The Violence of Modernity
Baudelaire, Irony, and the Politics of Form
Sanyal analyzes a literary current that uses the traditional hallmarks of modernism—irony, intertextuality, self-reflexivity, and formalism—to challenge the historical violence of modernity. Baudelaire and the committed ironists writing in his wake teach us how to read and resist the violence of history, and thereby to challenge the melancholy tenor of our contemporary "wound culture." In a series of provocative readings, Sanyal presents Baudelaire's poetry as an aesthetic form that contests historical violence through rhetorical strategies of complicity, counterviolence, and critique. The book develops a new account of Baudelaire's significance as a modernist by dislodging him both from his traditional status as a practitioner of "art for art's sake" and from his more recent incarnation as the poet of trauma.
Following her extended analysis of Baudelaire's poetry, Sanyal in later chapters considers a number of authors influenced by his strategies—including Rachilde, Virginie Despentes, Albert Camus, and Jean-Paul Sartre—to examine the relevance of their interventions for our current climate of trauma and terror. The result is a study that underscores how Baudelaire's legacy continues to energize literary engagements with the violence of modernity.
About the Author
"A thought-provoking and carefully researched study which offers a captivating perspective on Baudelaire's poetry."—Nicole Fayard, French Studies
"Offers a refreshingly innovative approach not just to Baudelaire but also to broader critical interpretations of violence, modernity, irony, politics, and form."—Helen Abbott, Modern Language Review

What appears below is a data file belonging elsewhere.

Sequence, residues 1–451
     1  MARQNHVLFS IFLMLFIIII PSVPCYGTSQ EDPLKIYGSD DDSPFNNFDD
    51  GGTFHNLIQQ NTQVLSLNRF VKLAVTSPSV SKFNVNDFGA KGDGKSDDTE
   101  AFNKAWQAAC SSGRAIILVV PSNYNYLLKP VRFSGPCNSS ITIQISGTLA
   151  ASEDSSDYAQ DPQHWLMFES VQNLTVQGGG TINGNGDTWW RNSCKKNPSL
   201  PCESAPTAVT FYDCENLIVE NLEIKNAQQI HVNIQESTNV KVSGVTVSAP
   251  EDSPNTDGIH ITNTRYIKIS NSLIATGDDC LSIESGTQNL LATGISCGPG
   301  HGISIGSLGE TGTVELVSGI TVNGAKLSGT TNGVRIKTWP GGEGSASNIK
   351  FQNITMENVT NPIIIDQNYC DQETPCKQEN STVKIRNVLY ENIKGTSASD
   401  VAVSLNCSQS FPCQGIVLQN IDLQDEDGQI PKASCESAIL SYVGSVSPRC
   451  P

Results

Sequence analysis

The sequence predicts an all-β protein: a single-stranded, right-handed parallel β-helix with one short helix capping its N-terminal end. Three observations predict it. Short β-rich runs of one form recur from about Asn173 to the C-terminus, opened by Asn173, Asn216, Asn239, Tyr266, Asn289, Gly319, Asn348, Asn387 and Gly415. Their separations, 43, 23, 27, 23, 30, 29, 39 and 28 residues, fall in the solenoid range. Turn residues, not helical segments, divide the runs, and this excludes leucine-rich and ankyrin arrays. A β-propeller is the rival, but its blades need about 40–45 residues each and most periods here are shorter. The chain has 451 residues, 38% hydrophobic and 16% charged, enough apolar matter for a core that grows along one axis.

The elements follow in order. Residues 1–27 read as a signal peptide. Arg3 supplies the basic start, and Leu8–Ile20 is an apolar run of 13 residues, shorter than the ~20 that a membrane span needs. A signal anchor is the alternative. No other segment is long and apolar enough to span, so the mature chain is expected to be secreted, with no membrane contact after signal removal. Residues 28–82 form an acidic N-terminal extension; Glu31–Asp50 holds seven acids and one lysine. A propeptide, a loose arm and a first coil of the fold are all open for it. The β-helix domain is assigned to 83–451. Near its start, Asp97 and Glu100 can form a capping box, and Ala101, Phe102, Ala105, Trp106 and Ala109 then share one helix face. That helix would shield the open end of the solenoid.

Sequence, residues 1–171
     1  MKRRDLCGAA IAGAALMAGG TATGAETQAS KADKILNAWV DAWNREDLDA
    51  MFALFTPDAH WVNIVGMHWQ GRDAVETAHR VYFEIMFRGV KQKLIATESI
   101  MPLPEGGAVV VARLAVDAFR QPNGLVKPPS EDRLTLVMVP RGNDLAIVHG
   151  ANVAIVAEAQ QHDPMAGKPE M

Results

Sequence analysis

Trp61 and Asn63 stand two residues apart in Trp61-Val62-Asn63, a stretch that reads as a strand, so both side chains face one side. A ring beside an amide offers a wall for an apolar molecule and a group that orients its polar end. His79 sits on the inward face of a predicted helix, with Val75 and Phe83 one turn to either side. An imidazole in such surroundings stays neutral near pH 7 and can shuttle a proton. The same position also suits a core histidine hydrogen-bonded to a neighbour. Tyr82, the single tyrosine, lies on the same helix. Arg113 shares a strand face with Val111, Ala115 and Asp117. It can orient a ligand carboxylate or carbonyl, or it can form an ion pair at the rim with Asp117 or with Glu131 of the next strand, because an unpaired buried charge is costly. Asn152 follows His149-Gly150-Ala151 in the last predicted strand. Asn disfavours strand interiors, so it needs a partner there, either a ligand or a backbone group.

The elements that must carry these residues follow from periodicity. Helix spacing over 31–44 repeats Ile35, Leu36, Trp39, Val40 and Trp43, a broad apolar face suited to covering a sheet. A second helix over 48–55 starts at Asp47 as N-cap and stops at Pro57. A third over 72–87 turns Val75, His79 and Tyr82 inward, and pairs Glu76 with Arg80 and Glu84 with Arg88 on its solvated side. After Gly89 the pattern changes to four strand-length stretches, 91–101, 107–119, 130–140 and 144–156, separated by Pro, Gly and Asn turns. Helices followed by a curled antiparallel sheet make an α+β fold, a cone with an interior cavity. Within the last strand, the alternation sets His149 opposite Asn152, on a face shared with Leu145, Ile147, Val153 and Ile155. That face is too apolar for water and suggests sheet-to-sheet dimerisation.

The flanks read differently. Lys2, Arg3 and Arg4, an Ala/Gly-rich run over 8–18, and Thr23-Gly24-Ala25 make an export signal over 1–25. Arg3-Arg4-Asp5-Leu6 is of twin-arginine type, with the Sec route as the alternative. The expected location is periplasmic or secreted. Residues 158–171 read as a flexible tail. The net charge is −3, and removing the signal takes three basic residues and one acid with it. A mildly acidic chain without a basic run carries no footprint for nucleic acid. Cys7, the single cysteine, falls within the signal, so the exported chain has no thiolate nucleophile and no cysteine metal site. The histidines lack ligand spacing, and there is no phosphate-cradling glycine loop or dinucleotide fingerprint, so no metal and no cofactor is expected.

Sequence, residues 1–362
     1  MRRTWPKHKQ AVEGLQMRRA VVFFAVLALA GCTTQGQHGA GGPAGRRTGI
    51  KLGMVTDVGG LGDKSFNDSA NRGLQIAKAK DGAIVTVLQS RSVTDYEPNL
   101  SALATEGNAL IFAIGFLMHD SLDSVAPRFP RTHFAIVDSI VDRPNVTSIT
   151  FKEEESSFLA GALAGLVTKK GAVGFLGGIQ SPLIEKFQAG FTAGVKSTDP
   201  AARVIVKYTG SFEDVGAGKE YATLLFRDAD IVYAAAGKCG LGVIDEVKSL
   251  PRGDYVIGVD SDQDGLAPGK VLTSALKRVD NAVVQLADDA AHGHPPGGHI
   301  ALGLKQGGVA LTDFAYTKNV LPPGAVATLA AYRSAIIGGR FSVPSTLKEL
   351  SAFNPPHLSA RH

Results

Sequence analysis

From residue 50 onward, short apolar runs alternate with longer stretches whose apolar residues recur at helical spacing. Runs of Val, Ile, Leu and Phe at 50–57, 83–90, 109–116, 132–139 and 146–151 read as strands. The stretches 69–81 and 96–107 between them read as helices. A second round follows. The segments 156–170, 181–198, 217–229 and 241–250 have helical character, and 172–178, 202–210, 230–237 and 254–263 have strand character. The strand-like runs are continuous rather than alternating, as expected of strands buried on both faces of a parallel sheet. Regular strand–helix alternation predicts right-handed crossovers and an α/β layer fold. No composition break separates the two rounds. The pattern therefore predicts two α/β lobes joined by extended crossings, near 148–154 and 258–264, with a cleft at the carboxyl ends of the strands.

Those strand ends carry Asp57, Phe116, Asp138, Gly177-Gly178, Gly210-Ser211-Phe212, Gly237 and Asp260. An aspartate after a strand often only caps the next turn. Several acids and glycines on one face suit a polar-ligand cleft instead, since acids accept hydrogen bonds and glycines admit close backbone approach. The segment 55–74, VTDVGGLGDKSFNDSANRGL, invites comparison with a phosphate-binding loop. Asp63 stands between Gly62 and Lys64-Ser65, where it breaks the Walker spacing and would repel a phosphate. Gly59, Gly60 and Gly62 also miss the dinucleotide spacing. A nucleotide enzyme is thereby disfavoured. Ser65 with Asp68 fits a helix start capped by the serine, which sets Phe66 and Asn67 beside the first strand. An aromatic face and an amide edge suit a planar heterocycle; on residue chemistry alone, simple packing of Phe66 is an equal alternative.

"Admirable study."—Peter Childs, Symploke
"A major contribution to the study of Baudelaire and his influence . . . It has a great deal to offer not only scholars of French literature, but to anyone interested in the complex intersections between literature and history."—Alison James, Modern Philology
"At a time when we are more than ever encouraged to distinguish between good guys and bad guys, it is refreshing to read a work that illustrates the impossibility of such clear-cut distinctions."—Nicole Asquith, Substance
"One of the most solidly critically informed works in the field."—Michael R. Finn, South Central Review
"In her distinctive, innovative, and provocative work, Sanyal interprets Baudelaire's response to modernity as fundamentally political, and she conceives his strategies of understanding and interpretation as a concerted resistance to modernity's violence."—Richard Terdiman, University of California, Santa Cruz
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